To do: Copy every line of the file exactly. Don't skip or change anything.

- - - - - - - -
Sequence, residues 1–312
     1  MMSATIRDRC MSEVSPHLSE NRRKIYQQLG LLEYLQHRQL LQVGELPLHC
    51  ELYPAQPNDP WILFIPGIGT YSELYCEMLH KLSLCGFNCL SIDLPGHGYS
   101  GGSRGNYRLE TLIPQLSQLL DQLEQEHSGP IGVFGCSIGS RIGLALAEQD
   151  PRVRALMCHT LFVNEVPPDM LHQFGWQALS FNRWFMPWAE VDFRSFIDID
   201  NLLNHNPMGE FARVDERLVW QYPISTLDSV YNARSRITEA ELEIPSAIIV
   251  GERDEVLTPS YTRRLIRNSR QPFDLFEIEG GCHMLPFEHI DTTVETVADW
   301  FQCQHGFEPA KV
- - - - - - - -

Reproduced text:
Sequence, residues 1–312
     1  MMSATIRDRC MSEVSPHLSE NRRKIYQQLG LLEYLQHRQL LQVGELPLHC
    51  ELYPAQPNDP WILFIPGIGT YSELYCEMLH KLSLCGFNCL SIDLPGHGYS
   101  GGSRGNYRLE TLIPQLSQLL DQLEQEHSGP IGVFGCSIGS RIGLALAEQD
   151  PRVRALMCHT LFVNEVPPDM LHQFGWQALS FNRWFMPWAE VDFRSFIDID
   201  NLLNHNPMGE FARVDERLVW QYPISTLDSV YNARSRITEA ELEIPSAIIV
   251  GERDEVLTPS YTRRLIRNSR QPFDLFEIEG GCHMLPFEHI DTTVETVADW
   301  FQCQHGFEPA KV